Hackers Target Schools in New Wave of Cyberattacks

Just as school was to start this semester, technology chief Tony Brooks rushed to his office in Athens, Texas. Colleagues said they were unable to access the school district’s network.

Source: WSJ | Published on November 16, 2020

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He logged into his computer. A message popped up: “All your important files are encrypted!”

“I immediately freaked out,” said Mr. Brooks. “I got my team together and said we need to go and unplug every computer. We didn’t want the virus to spread any more.”

Mr. Brooks, who works in the 3,000-student Athens Independent School District, soon found himself corresponding with a cyber pirate who demanded money in return for freeing the district’s systems, which were full of personal and financial information. The district shared screenshots of the interactions with The Wall Street Journal, revealing a rare close-up look at the details of a ransomware attack.

“How would payment be made?” Mr. Brooks responded.

“BTC,” the hacker wrote, meaning bitcoin, which allows payment with no middlemen.

Schools around the U.S. are fighting a wave of increasingly aggressive ransomware attacks by hackers. The U.S. Treasury Department warned last month that ransomware attacks in general have increased during the coronavirus pandemic—and districts make an especially tempting target due to their often thinly staffed technology departments and networks full of personal data.

It’s a significant new source of stress in what’s already been a difficult year, with the pandemic forcing closures, a chaotic implementation of remote learning and complicated schedules.

Hackers have for years used ransomware, a type of malicious software, to lock up computers or files until the demanded sum was paid—but they generally left it at that for school districts. Now they are grabbing data such as addresses, phone numbers, Social Security numbers, grades and other sensitive student information to post online if payment isn’t made. The information can aid identity theft or be highly embarrassing for vulnerable young people.

“It is extortion,” said Elizabeth Clarke, spokeswoman for cybersecurity firm Armor Defense Inc. “The ransomware has gotten more heinous. To incite you to pay, they say, ‘Hey, we’ve got all the data, and we’ll be happy to post.’ ”

There is no official U.S. clearinghouse to track ransomware cases, but some cybersecurity firms, which track known incidents from news reports along with their own private cases, say they are seeing an increase in cases involving schools and colleges, which are now heavily reliant on online learning and technology to run their operations.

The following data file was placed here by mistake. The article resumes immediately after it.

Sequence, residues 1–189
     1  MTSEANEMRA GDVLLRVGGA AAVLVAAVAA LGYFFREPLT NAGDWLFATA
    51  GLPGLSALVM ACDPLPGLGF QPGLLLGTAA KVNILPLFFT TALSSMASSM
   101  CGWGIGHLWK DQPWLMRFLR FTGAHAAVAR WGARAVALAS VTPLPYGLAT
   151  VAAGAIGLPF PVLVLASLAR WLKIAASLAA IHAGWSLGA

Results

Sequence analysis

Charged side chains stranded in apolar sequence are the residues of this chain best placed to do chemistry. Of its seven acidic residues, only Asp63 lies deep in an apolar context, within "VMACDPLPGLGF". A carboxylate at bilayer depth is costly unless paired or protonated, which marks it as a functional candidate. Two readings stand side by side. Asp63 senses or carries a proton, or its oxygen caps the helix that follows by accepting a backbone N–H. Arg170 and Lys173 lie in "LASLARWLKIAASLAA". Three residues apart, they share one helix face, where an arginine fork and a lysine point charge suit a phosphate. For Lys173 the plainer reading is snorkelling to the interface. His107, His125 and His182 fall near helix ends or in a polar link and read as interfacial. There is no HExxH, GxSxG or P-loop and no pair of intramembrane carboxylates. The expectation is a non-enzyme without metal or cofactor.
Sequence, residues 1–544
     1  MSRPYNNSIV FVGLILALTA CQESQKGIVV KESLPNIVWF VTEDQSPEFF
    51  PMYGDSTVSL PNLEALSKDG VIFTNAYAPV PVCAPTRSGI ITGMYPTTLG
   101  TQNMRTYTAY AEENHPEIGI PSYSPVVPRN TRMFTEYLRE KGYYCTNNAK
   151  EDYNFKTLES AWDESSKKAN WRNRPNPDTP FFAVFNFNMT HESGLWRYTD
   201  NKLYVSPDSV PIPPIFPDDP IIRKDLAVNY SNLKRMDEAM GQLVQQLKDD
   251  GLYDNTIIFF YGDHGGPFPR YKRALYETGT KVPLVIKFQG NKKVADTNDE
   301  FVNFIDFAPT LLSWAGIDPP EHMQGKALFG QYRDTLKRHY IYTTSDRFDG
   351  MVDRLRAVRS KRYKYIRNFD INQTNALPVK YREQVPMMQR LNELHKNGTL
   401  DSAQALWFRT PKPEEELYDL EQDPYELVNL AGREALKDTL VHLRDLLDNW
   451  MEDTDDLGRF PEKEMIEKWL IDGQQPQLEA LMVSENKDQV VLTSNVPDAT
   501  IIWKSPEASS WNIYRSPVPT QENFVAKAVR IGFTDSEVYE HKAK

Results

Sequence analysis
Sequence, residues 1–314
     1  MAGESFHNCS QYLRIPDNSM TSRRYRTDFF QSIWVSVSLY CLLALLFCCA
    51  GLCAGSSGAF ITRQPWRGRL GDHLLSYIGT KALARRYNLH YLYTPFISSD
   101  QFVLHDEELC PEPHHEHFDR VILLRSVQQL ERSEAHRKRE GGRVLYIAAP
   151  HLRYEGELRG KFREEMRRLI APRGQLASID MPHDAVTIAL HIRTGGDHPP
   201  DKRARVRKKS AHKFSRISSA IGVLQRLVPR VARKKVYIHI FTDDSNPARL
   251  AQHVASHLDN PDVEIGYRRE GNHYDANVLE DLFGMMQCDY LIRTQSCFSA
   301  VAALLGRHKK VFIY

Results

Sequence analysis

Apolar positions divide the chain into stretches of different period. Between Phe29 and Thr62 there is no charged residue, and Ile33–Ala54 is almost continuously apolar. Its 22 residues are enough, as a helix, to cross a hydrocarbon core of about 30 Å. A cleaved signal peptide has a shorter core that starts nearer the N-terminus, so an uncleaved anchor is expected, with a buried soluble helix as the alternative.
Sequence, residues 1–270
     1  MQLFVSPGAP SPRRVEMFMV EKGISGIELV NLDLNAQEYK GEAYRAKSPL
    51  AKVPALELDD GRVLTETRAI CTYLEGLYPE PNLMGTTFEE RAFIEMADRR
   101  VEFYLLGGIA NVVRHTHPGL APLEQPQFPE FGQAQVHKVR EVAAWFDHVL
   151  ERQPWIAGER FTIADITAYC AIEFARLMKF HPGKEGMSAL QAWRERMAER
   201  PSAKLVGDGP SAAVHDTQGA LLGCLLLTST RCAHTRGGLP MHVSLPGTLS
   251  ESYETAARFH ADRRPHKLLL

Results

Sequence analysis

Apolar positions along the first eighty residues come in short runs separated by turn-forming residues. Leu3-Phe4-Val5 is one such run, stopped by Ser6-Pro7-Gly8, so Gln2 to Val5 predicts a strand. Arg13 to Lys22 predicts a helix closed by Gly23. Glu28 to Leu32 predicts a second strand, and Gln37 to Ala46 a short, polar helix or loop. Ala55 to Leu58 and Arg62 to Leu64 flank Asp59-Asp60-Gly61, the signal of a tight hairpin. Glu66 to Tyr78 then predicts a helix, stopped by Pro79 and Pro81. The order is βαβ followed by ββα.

Based on searches of hackers’ sites on the dark web—a network of websites accessed through special software that gives users anonymity—as well as publicly known cases, the Journal has documented nearly three dozen ransomware attacks against school districts since the pandemic began in March.

That tally, affecting districts educating more than 700,000 students, doesn’t include numerous private schools, community colleges and universities that have also come under attack.

The figure underestimates the actual number of cases. Some districts switch to backup servers that escaped attacks or quietly pay ransom without ever making it public, reluctant to admit they were hacked and eager to move on, security experts say. Hackers often tell their victims not to call law enforcement.

Even those that have gone public often don’t reveal the amount of ransom paid. A tally of seven cases by the Journal found that school districts, colleges and universities have paid at least $2 million in the past 12 months, on top of the often burdensome costs of better securing their systems. Ransom amounts in those cases ranged from $35,000 to $1.14 million.

Average ransom payments across all industries have climbed in recent years, to $233,817 in the third quarter of this year from $41,198 a year earlier, according to cybersecurity firm Coveware Inc.

Security experts say that many ransomware hackers operate outside of the U.S. and are hard to capture.

On their own

Districts are often on their own when it comes to figuring out how to deal with hackers or how to keep their systems safe. In an October letter, U.S. Senators Jacky Rosen and Catherine Cortez Masto, both Nevada Democrats, asked U.S. Department of Education Secretary Betsy DeVos and Homeland Security Acting Secretary Chad Wolf to address ransomware attacks against schools and districts.

The letter cited an article in September by the Journal that revealed that hackers published student grades, employee Social Security numbers and other sensitive data from the 320,000-student Clark County School District in Las Vegas when a ransom wasn’t paid.

An attack in Ohio’s Toledo Public Schools has been especially egregious. Information posted on the hacker’s website in October includes Social Security numbers and dates of birth for students and employees, disciplinary and disability information on students, employee evaluations and exam grades. It included the identities of an eighth-grader listed as emotionally disturbed, a ninth-grader suspended for sexual activity and a roster of foster children.

As with other attacks, the hackers posted the data on the dark web.

Toledo parent Krista Wilcox is mad that her 8-year-old son could have his identity compromised, and that she found out about the release of information from media reports instead of from the district.

“My information is out there, and they could contact me,” she said. “How do I know it’s not child traffickers? I feel betrayed by the school system.”

Toledo Public Schools said in a written statement that the 23,000-student district reached out to the Federal Bureau of Investigation and contacted cybersecurity experts to determine the scope of the attack. The district is encouraging parents and guardians to monitor credit reports.

Hackers often negotiate with their victims. The Sheldon Independent School District in Houston, Texas, paid a ransom of $206,931, negotiated down from about $350,000, after an attack in March.

After payment, the 10,000-student district couldn’t recover about 10% of its files—not an unusual amount to lose in ransomware cases, security experts say. Administrators fear the hacker kept some of the district’s data, prompting them to notify parents and employees of the possibility.

Sheldon officials believe the hackers got into their system through a phishing email, meaning someone opened an email that had an attachment or link to malicious software. Hackers also enter from weak cybersecurity controls and user login information.

School districts have a steady stream of revenue in the form of tax dollars, and their reserve funds are typically open to public view.